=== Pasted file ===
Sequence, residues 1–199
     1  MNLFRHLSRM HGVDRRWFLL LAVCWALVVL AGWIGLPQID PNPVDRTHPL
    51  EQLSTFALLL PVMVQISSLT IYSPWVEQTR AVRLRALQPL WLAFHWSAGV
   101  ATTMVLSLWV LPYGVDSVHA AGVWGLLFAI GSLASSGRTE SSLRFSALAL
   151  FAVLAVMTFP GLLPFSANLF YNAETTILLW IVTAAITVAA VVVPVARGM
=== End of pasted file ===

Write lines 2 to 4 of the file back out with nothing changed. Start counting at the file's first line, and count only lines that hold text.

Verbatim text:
     1  MNLFRHLSRM HGVDRRWFLL LAVCWALVVL AGWIGLPQID PNPVDRTHPL
    51  EQLSTFALLL PVMVQISSLT IYSPWVEQTR AVRLRALQPL WLAFHWSAGV
   101  ATTMVLSLWV LPYGVDSVHA AGVWGLLFAI GSLASSGRTE SSLRFSALAL